That’s Amaury’s News and Commentary: Charlie O. Finley Was Controversial and Innovative

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By: Amaury Pi-Gonzalez

When Charlie O. Finley, the controversial but successful businessman and owner of the Oakland Athletics, told me in 1977: “Yes, you can broadcast in Mexican,” little could he have envisioned that Hispanics would be the largest minority in California and in the United States some 40 years later.

I never really knew if Finley believed Mexican was an actual language when in fact it’s a nationality. Today, there are 33 different countries in Latin America and the Caribbean–most of them with Spanish as their main language. In Brazil, the largest country in Latin America, Portuguese is the official language. So, regardless of what Finley believed, the fact remains that he was an old school baseball owner who was much involved with his team as he had a passion of the game. He could talk baseball with the best of them. He was an insurance magnate, and when he became involved with baseball as owner, he challenged tradition and changed the game in many ways, especially the marketing with his loco promotions. By the way, the classic A’s Front Office was just a handful of folks–mostly his relatives–who actually used the three World Series trophies to file the mail.

This is what Glenn Dickey wrote for the San Francisco Chronicle about Finley in 1996: “The irony of Charlie Finley’s life was that everybody seemed to focus on what he did poorly and ignore what he did well. His promotions were farcical, often disastrous, but the man put together a baseball team that was the only non-Yankee team to win three straight World Series for the American League.”

But among his many crazy promotions–like the live mascot, a mule called Charlie-O–my all-time favorite was Harvey the Rabbit. And this season, the A’s brought the rabbit back. We now see this mechanical rabbit prior to each game at the Coliseum.

The original Harvey the Rabbit was something special. He was a mechanical rabbit who rose from the grassy ground behind home plate near the umpire with a basket full of baseballs for the umpire to put in play.

Among Finley’s promotions
  • Orange baseballs: Tried in a few exhibition games, but hitters found it too hard to pick up the spin.
  • Hired Stanley Burrell (who would later gain worldwide fame as rapper MC Hammer) as Executive Vice President when he was just a teenager to be his “eyes and ears.” Burrell would called Finley on the telephone to give him exclusive updates of what was happening in the game. Sometimes, Burrell will bring us coffee or soda to our broadcasting booth. Burrell was a great kid.
  • Offered players $300 bonuses to grow mustaches during the championships. For star Hall of Fame relief pitcher Rollie Fingers, the handlebar mustaches he grew for Finley became a trademark.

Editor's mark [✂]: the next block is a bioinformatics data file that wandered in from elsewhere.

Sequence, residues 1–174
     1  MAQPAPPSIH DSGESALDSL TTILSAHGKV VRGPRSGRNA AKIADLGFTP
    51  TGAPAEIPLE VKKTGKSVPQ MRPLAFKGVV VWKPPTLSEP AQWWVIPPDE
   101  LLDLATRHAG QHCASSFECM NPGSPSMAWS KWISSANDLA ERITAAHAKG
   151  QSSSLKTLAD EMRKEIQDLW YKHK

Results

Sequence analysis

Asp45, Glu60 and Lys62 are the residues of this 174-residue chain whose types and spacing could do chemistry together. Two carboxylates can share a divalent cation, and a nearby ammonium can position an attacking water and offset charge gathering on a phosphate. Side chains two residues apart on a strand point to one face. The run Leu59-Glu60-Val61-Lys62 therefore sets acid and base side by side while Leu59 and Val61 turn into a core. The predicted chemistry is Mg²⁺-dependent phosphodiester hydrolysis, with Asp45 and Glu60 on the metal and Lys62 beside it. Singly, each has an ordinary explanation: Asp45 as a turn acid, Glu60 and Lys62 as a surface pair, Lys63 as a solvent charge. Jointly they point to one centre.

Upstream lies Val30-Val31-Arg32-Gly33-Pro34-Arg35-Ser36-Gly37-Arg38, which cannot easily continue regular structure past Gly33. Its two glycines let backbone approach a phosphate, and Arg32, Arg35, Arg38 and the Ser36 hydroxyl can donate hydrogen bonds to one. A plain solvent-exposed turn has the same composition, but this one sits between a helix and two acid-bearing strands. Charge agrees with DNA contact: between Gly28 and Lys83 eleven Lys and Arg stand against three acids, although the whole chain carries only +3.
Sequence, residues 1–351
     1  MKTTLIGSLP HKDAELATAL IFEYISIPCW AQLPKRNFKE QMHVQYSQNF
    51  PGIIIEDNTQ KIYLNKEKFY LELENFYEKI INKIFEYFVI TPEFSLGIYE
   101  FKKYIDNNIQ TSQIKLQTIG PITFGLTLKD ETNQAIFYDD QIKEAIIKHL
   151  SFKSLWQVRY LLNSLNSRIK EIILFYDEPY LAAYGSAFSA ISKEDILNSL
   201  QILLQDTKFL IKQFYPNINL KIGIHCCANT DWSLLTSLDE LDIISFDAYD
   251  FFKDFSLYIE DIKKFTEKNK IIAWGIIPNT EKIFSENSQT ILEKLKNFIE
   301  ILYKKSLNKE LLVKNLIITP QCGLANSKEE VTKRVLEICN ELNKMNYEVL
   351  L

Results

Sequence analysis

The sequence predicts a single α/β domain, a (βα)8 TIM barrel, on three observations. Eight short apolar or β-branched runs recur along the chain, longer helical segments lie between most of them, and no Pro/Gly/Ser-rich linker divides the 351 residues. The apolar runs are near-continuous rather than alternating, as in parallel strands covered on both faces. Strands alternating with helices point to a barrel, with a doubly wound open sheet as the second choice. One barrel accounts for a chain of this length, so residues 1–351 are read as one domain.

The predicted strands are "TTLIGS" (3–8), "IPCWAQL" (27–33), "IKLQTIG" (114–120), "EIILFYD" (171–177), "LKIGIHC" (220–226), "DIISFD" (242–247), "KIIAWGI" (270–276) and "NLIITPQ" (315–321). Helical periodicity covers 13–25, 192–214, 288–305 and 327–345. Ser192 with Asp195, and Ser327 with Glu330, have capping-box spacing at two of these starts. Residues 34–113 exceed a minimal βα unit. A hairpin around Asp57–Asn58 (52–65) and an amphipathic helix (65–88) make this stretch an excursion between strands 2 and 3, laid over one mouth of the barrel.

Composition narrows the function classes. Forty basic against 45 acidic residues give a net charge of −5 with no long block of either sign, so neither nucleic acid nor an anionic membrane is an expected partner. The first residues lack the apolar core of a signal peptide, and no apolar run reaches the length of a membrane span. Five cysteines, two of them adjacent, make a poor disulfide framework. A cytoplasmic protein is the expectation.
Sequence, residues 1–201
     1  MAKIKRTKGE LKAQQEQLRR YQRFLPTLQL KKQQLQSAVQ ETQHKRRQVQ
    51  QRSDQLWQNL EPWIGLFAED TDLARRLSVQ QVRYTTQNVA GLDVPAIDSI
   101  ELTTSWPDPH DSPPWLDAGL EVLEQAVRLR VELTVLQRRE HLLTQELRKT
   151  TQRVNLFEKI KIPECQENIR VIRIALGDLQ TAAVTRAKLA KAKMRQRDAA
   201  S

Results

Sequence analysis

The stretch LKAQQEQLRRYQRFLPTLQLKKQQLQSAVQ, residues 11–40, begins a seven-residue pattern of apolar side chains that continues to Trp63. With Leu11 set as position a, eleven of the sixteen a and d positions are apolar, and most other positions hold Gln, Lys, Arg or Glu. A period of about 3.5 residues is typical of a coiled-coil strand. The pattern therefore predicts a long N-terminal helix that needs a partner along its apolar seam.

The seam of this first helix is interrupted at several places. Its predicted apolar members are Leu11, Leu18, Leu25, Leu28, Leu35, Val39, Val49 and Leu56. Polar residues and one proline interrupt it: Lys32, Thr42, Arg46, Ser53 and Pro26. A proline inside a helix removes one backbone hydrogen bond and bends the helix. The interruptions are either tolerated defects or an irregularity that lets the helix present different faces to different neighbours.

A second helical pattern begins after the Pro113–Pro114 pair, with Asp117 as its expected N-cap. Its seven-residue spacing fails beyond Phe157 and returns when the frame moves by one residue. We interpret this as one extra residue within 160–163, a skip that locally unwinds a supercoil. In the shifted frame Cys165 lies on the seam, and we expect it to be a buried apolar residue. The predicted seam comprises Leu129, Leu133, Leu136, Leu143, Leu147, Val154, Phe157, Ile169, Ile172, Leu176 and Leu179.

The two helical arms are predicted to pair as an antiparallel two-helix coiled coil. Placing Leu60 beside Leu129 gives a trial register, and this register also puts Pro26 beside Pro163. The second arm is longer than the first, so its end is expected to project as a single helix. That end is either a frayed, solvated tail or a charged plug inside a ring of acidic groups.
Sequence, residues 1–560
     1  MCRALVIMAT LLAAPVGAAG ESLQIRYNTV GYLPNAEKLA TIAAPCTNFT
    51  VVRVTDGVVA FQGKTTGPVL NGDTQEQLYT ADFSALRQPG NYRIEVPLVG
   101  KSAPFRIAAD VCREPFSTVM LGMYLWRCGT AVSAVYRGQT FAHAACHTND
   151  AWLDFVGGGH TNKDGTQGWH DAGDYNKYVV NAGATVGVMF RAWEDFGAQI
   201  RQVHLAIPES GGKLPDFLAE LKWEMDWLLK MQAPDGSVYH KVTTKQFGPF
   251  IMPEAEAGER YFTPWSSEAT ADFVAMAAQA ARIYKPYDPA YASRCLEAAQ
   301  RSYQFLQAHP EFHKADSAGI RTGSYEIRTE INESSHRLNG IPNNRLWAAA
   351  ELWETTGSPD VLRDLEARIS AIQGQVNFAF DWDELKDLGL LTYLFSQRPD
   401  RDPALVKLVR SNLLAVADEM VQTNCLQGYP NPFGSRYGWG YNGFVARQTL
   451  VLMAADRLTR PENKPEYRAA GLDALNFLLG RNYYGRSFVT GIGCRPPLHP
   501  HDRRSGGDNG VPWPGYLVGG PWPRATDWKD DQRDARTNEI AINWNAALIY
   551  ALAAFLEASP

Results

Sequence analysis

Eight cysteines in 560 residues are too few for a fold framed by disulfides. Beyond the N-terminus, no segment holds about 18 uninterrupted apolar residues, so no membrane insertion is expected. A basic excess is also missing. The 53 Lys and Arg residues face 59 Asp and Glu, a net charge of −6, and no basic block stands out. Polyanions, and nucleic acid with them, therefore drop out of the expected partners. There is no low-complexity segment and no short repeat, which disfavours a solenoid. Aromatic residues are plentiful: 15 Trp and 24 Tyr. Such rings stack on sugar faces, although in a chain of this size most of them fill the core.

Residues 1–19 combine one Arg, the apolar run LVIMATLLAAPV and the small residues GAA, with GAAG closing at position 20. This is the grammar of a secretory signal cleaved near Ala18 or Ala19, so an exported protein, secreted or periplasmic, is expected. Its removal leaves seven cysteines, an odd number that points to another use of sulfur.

Finley lived in Chicago, where he died in 1996. He was a great salesman who made a fortune. His flamboyant marketing revolutionized baseball. He changed the traditional uniforms that were white and gray with black shoes and dressed his A’s with Green and Gold uniforms with white shoes, allowed facial hair, which has been making a comeback in baseball in recent years.

Finley owned and operated the Kansas City and Oakland A’s for 20 years. He would come to Oakland for a series of games, sit behind the A’s dugout many times wearing a green blazer and waving an A’s pennant on his right hand. He was passionate and involved like George Steinbrenner was with the New York Yankees years later.

More often than not, Finley would be in his “owners box” at the Coliseum. You could see his reactions to the game. When the team lost, he would not be happy and depending. When they lost, he would be furious. I remember him walking by the press box many times with Sarge (bodyguard) and his friends and/or associates screaming and complaining about a play, an umpire or even his own manager.

Finley was not what they call “politically correct” today. He said what he had in mind. After winning three consecutive World Series, he refused to pay his players millions of dollars to stay with the A’s. So one by one, Catfish, Reggie, Campy and others said “adios” to Oakland.

Finley was the A’s owner as well as their Numero Uno fan. Seldom an owner dominates such way that becomes the face of a franchise, but he was that man.

The only owner today among professional sports that reminds me of Finley is Dallas Mavericks billionaire owner Mark Cuban, but aside from Cuban, who also appears on TV on Shark Tank, most baseball owners today are not like Finley. Depending on what you like, that could be good or bad for the game of baseball.

Different times, different baseball…

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